A word of warning about storing any Christmas decorations: mice eat things. Once, my mother had some pretty ghoulish-looking Mr. and Mrs Claus figurines that featured dried apples as their heads. Imagine her fright when we took them from their cardboard homes only to discover their wire-rim glasses weren’t sitting on anything. Their heads had been eaten away. All that was left of them were droppings in the box. It is best to use solid plastic tubbies that don’t have any air holes. Anything that a mice can fit its nose into, it can squeeze its body through – that includes air holes. If your tubbies have these holes, put a couple strips of heavy-duty, waterproof gaffer tape on either side of the holes and press firmly. Gaffer tape is much stronger than ordinary packaging tape.
Decluttering Household Things
Despite me having no more than one cup of coffee each day, and the occasional mug of hot chocolate or hot tea during winter evenings, I had no fewer than thirty mugs – not counting the Christmas mugs I brought out for one month out of the year.
I gathered up the mugs I either simply did not like, or were impractical, or that I did not use any more – and put in the Donate box. I decided to bless something else with them. Same thing with kitchen appliances that I did not use but still worked, and kitchen utensils. After all, I buy jarred organic minced garlic – there’s no need to keep a garlic mincer.
I’m a mom – not a chef.
In our little house with five people living here, there’s only so much room. I had to get aggressive in my quest to declutter, organize and make sense of all this. When I am focused on the messes or the clutter and stressed out by it, I am prone to being snappy to my husband and kids. I am also, admittedly, not focused on God the way I should be when my dining table is used as a clutter landing surface instead of a sanctuary for studying the Word, eating meals together, and folding laundry.
Speaking of Laundry…
Just a few days ago I told my boys, ages 19 and 22 (the 22 year old has autism) that each of them are very capable of doing his own laundry. I’m a mom – not a Laundromat – and I’m rearing men, not boys, who need to know how to take care of themselves.
But still, with my daughter – who sorts and helps fold, and switches loads between washer and dryer for me – my paraplegic husband and myself, we produce a great deal of laundry. My laundry area is a closet on one end of the galley kitchen, with the dining room on the other end. This area looks out over the living room. It’s an open floor plan. We have an island on wheels that my father-in-love made for my husband, so it’s accessible and built for a man in a wheelchair.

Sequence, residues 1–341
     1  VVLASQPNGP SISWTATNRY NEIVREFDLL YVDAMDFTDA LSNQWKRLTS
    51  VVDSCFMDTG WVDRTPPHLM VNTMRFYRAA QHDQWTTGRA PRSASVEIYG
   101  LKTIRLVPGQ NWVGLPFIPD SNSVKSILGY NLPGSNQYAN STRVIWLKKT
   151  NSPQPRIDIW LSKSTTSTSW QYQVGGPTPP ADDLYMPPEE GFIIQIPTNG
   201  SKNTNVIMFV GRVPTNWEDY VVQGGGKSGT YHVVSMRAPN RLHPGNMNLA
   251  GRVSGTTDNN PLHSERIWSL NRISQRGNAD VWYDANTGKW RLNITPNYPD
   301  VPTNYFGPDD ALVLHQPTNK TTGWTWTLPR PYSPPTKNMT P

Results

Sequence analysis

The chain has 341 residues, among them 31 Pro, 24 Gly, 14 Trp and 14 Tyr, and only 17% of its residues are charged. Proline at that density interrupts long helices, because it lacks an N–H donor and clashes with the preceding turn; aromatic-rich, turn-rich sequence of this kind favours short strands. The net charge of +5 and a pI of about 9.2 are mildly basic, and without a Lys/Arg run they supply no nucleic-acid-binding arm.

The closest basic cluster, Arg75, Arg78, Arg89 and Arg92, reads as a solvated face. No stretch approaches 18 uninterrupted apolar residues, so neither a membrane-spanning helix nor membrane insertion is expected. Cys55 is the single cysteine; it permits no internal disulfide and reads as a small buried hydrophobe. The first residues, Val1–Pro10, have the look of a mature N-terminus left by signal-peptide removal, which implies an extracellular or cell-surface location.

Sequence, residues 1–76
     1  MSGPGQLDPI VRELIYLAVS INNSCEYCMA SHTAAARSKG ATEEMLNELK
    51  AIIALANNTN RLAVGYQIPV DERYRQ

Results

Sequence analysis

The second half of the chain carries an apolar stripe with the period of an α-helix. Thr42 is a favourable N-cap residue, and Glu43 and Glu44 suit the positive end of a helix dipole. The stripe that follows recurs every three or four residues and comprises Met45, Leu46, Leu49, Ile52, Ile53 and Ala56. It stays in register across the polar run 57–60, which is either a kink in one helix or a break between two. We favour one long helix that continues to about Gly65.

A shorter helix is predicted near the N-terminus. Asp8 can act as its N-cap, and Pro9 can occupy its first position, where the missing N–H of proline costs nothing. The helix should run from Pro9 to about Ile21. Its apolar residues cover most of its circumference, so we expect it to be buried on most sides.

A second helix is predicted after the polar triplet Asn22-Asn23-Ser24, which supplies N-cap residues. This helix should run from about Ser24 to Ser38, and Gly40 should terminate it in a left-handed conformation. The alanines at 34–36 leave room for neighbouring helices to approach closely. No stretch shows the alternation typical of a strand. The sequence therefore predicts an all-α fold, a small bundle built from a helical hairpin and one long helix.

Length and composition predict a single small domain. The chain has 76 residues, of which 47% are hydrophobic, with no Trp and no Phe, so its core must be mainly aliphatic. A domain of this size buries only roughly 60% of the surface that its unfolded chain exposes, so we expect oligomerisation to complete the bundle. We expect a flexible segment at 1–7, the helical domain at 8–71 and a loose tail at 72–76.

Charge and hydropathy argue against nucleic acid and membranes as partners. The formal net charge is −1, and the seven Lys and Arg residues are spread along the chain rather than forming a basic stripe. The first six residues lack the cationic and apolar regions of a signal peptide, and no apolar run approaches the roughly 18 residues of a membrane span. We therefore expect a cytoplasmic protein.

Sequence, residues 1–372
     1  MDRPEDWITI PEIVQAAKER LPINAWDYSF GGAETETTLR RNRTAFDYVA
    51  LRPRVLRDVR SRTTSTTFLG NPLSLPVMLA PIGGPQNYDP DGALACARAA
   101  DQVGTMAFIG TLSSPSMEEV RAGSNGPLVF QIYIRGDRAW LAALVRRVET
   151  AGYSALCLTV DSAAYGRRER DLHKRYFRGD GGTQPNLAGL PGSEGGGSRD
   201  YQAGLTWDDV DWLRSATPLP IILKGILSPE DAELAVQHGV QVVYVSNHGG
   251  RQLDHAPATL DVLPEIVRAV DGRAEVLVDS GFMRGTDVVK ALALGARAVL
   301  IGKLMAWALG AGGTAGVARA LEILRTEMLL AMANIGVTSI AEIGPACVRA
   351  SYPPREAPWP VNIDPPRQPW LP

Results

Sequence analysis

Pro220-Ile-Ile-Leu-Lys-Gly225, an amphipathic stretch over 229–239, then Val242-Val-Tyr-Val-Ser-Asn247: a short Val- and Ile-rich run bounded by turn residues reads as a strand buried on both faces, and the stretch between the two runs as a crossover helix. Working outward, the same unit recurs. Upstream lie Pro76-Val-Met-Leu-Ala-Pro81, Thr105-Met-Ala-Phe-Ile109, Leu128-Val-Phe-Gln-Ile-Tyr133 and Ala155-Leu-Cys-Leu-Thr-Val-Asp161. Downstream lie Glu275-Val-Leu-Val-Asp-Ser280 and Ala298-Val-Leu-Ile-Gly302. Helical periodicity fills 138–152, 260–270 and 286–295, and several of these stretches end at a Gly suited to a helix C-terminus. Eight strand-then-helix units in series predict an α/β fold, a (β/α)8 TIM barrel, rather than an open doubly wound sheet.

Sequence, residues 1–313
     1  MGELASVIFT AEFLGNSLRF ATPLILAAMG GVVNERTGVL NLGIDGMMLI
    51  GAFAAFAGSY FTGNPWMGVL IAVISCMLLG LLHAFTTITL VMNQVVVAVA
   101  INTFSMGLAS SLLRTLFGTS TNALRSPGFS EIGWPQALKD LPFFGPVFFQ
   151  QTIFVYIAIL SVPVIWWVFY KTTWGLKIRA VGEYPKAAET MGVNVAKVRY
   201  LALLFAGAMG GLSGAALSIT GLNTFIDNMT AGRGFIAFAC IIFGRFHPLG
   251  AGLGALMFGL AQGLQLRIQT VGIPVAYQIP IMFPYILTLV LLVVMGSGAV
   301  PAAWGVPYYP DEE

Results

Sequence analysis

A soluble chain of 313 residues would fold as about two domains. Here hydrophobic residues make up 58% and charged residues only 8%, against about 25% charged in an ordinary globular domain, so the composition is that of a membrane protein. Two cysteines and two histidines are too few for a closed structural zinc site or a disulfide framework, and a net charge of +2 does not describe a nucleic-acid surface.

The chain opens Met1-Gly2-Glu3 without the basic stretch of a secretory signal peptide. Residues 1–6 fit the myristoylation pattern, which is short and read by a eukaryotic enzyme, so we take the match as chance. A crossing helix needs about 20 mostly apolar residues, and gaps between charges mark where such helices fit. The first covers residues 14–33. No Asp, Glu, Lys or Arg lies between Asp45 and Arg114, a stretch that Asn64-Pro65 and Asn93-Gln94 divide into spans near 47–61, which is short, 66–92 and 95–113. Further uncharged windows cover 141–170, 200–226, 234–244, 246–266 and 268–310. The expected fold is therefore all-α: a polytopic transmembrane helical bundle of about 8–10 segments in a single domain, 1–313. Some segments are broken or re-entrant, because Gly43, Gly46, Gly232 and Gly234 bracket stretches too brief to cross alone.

This island, though, is extremely useful for rolling up to the dryer, bringing over a dining chair, and folding laundry as it comes out of the dryer onto the table. I then can take piles of clothes directly to their intended home using a laundry basket that I can collapse when it’s not in use and stored in the laundry closet.
We have a couple of issues when it comes to smelly laundry. Teen boys, musty towels, and occasional accidents (even six year olds can’t make it sometimes) make for a chemistry-lab atmosphere in the laundry closet. I’ve tried everything: borax, baking soda, vinegar…these have helped some, but nothing cuts the odors of musty towels or urine or too much body spray than Tide Odor Rescue Pods. Full disclosure: the Tide pods name is an affiliate link but they have not paid me for this endorsement. It’s just from pure experimentation and downright frustration, and well worth the price tag. Nothing works better to remove smells from laundry than these pods you place in the tub of your washing machine.
I have a long way to go in my desire to declutter and organize, but it’s going to be worth it. I have to believe that! If anything, having a tidy and decluttered home, with the material things that mean something to me, like the Nativity set I bought at an African market in Zambia, or my grandmother’s 1917 Scofield Reference Bible, make me feel more at peace in my home instead of frazzled and frustrated.
In Him Who Gives Us Peace,
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© 2017 Terrie McKee